Connect with us

Hi, what are you looking for?

CleanTechnica
Almost 90% of Americans think it's important the US develop and use solar energy, while more than 80% support federal tax credits and grants for the solar industry. More than half said they would pay more for products made using solar power. So what's up in Congress?

Clean Power

90% of Americans Support Solar Power, Industry Development; So What’s Up with Congress?

Almost 90% of Americans think it’s important the US develop and use solar energy, while more than 80% support federal tax credits and grants for the solar industry. More than half said they would pay more for products made using solar power. So what’s up in Congress?

Infographic courtesy of SCHOTT N.A.


A nationwide poll conducted by Kelton Research showed that just shy of 9 out of 10 Americans (89 percent) think it’s important for the United States to develop and use solar energy. Breaking the results out along voting lines, 80 percent of Republicans, 90 percent of Independents and 94 percent of Democrats agreed with the above. This is the fourth straight year Kelton’s survey results showed nearly 90% of Americans support developing solar energy.

Results also showed that Americans support federal incentives to do so. More than eight of ten (82 percent) support federal tax credits and grants for the solar industry, just like those that continue to benefit companies in the all too well established oil & gas and coal industries. Seventy-one percent of Republicans, 82 percent of Independents and 87 percent of Democrats responding to the poll agreed.

Thirty-nine percent of respondents said they would choose to financially support solar energy over other energy sources such as natural gas (21 percent), wind (12 percent), nuclear (nine percent), and coal (three percent). Solar energy is more than twice as popular as any other energy source among Independents – 43 percent vs. 20 percent for natural gas.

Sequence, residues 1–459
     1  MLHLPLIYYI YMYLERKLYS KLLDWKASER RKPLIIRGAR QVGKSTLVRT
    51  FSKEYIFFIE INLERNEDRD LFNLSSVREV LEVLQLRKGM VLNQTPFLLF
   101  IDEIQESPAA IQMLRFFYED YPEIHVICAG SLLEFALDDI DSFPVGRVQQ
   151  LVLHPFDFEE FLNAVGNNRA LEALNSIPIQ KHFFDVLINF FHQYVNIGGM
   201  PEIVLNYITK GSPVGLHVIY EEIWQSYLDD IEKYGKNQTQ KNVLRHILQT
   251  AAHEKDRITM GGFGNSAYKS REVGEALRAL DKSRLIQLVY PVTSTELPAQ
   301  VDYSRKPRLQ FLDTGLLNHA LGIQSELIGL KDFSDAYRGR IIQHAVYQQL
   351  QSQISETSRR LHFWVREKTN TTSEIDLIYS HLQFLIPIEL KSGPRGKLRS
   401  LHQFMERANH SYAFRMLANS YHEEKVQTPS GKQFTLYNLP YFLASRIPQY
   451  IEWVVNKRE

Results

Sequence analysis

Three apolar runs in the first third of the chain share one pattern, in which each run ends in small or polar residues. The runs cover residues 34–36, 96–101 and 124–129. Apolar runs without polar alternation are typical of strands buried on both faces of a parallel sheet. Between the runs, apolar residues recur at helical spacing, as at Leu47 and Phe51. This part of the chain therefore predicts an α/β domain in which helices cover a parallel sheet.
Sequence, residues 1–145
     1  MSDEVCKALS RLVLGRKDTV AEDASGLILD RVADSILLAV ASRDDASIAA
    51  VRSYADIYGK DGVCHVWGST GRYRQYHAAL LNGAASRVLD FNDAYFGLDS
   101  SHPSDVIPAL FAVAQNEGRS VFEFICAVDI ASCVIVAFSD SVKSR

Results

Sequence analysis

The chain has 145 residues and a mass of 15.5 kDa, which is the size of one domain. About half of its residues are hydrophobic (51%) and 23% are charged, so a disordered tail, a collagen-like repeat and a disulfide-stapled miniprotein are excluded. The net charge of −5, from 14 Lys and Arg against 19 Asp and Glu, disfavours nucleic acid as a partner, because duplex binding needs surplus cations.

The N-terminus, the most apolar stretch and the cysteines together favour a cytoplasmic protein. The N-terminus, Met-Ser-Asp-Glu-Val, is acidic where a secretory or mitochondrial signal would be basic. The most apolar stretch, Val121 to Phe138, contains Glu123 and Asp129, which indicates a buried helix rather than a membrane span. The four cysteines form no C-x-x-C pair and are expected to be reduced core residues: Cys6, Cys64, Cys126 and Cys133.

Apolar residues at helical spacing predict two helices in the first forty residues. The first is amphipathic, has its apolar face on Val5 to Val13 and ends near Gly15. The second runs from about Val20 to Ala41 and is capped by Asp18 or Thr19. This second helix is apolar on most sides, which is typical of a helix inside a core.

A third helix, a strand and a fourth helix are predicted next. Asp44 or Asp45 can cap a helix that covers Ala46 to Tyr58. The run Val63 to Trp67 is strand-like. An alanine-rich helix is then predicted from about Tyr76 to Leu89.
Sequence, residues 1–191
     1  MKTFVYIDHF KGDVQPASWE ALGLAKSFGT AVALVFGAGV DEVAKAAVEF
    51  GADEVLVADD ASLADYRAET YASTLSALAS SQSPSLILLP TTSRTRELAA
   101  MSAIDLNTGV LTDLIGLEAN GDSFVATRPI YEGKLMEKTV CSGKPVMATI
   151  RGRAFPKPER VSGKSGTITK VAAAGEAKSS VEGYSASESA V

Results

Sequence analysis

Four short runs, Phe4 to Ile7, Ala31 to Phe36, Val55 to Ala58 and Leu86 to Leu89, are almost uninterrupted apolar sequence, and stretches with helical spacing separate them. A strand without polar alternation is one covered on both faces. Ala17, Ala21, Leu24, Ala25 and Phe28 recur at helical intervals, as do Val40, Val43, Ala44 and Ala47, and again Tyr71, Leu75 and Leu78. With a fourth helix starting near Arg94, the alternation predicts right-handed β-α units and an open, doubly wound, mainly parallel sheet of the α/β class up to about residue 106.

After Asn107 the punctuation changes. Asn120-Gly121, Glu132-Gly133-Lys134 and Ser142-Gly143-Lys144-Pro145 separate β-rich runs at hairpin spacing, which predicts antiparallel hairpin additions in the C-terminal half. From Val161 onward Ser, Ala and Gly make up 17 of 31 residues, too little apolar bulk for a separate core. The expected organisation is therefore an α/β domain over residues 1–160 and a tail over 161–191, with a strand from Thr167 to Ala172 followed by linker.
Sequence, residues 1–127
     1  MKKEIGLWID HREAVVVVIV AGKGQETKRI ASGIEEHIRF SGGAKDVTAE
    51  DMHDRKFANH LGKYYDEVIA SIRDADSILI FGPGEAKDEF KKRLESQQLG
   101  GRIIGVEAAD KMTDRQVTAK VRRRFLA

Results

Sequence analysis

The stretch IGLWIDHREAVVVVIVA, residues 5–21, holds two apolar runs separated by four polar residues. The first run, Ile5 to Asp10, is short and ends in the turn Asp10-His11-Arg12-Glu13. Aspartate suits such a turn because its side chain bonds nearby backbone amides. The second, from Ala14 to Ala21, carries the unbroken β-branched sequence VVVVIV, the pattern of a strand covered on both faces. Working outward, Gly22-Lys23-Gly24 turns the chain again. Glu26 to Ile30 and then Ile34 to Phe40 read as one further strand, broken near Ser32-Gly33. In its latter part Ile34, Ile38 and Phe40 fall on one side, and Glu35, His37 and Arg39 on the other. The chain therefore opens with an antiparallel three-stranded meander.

Moreover, support for solar energy remains strong despite all the recent media and Congressional attention devoted to the bankruptcy of Solyndra, Kelton found.

Eight out of ten (82 percent) of Americans think it’s important for the federal government to support US solar manufacturing, and a majority of Independent voters (51 percent) think it’s “extremely important.”

The American economy has evolved into one built on consumption, and Kelton found that 51 percent of Americans would be more likely to purchase a product if they knew that it was made using solar power. At 61 percent, consumers in the key 18-44 year old age group were even more likely to do so.

A Win-Win Situation

Solar leasing programs are making big strides in educating consumers and making it more affordable to buy solar power, but cost, along with consumer education, remain the biggest hurdles. Forty-eight percent of Americans cited costs as their biggest concern with purchasing a solar energy system despite the cost of solar panels dropping 30 percent since the beginning of 2010 and the introduction of solar leasing programs.

“In this tough economy, Americans want to see solutions coming from Washington,” said Rhone Resch, president and CEO of the Solar Energy Industries Association (SEIA). “For members of Congress trying to find ways to create jobs, solar is a win-win.

“Thanks in part to proven policy successes like the 1603 Treasury Program, the solar industry has doubled its workforce in the last two years and now employs more than 100,000 Americans at 5,000 businesses spanning every state. And solar enjoys overwhelming support across all political affiliations – Republicans, Democrats and Independents.